Friday, February 19, 2016
MONDAY, NOVEMBER 22, 2004
It was about this time in the afternoon. I was in one of those lecture hall classes, a core curriculum survey of world history. The professor was so far away that I couldn't make out the details of his facial expression, but we could hear clearly because he used a microphone. Someone walked in from the right of the room, interrupted the lecture and spoke with the teacher. He then turned to the class and said, "We have just received word that the President has been shot in Dallas. We don't know whether he was killed, but he has been shot."
He paused for a few seconds. Nobody said anything. He then said, "Anyone who thinks that by killing the president they will stop his policies does not understand history. Shooting him will do nothing to stop what he was trying to do."
The place was Tallahassee, Florida and the campus had at that point been polarized over the picketing of two off-campus eating establishments because they refused to serve Negroes, as they were then respectfully called. In 1962 the graduate school at Florida State Uiversity had accepted its first black student. And that year, 1963, the first undergraduate student was attending classes.
I was only nineteen at the time, but something in me felt that if those restaurants, which only existed because the students and faculty of that school were there, refused to allow a black student to be served, something was badly out of balance. As a Southern Baptist I had already been struck by a contradiction of the same sort when an African student who came to America was not able to stay at a Baptist school because the dormitory was reserved for white students only. That had struck me wrong also.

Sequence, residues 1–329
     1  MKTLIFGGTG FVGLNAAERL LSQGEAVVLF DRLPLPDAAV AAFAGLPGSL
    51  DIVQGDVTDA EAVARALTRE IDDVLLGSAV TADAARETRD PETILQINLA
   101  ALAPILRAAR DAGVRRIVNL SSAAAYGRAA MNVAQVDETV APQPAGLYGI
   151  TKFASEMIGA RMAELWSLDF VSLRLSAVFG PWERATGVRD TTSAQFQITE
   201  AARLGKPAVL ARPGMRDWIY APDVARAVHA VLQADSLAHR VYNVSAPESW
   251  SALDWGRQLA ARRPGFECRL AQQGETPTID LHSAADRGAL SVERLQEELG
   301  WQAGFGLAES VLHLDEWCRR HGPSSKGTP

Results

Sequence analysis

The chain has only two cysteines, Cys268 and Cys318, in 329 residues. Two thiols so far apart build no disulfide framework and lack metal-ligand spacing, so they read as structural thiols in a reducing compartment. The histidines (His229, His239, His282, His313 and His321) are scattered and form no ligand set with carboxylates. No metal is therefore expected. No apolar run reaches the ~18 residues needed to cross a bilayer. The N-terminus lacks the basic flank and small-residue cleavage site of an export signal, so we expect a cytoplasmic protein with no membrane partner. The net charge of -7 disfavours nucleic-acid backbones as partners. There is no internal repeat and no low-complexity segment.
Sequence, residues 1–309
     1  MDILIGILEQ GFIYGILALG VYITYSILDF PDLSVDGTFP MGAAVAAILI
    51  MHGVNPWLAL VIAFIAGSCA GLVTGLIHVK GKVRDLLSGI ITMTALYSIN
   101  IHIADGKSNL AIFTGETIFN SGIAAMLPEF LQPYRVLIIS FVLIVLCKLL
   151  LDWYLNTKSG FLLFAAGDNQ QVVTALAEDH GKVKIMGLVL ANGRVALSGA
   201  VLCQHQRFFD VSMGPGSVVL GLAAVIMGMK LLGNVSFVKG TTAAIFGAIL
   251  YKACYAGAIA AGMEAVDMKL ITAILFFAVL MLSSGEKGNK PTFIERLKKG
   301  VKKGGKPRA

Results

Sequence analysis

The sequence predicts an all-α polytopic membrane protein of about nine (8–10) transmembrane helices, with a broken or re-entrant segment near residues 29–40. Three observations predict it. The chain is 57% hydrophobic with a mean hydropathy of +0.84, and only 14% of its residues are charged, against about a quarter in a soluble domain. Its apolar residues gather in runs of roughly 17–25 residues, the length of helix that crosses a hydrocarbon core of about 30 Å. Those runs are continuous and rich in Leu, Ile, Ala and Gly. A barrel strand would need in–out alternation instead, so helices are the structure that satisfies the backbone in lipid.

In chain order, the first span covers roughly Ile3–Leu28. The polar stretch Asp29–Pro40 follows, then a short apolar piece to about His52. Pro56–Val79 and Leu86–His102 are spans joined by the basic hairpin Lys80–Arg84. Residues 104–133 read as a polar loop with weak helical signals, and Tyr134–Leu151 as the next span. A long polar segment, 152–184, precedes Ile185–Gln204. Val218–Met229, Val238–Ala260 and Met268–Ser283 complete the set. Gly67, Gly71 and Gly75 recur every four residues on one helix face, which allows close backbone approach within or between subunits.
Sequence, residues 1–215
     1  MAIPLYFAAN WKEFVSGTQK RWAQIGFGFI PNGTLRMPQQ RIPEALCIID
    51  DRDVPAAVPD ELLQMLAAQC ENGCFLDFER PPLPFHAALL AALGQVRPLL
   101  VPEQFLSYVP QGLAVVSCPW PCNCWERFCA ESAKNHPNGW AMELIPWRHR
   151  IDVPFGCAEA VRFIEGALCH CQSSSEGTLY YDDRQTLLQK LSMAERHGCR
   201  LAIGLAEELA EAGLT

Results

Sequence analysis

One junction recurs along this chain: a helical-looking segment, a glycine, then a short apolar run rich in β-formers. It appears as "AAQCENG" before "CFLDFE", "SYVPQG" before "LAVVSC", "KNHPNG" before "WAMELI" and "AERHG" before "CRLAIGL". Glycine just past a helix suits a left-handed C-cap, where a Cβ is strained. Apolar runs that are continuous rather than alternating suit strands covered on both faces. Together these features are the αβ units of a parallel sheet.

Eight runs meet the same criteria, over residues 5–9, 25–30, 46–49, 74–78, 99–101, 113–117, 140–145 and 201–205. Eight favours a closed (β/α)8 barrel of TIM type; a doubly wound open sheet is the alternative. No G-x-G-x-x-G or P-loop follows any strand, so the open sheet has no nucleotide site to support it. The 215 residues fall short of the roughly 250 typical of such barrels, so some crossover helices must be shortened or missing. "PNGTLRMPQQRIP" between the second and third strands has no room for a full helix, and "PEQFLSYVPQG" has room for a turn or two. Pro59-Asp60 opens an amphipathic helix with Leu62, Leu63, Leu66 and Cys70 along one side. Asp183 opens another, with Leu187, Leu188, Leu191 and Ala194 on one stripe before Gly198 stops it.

Acting on a blind and unreasonable impulse that makes young people sometimes hard to endure because they can't understand why wrong things can't just change for the better, I allied myself with a group of students meeting weekly at a Unitarian Church at the edge of the campus, calling itself -- and it sounds so corny now -- The Liberal Forum. We had contributed to the closing of one of three restaurants, and were picketing the second. I was kicked out of my cheap off-campus room because of my activities and had put up with an even cheaper space, a garage apartment, shared with one of my radical peers.
The news of John Kennedy's assasination was devastating. The days which followed were among the saddest I can remember. The university arranged for continuous television coverage of the news and funeral, which of course included the subsequent killing of Lee Harvey Oswald. I still remember the endless playing of Chopin's funeral dirge and the funeral procession. It was the beginning of a turbulent chapter in modern history.
The teacher was right. The Civil Rights Act of 1964 was passed the following year and the Public Accommodations section validated the reason that we were picketing.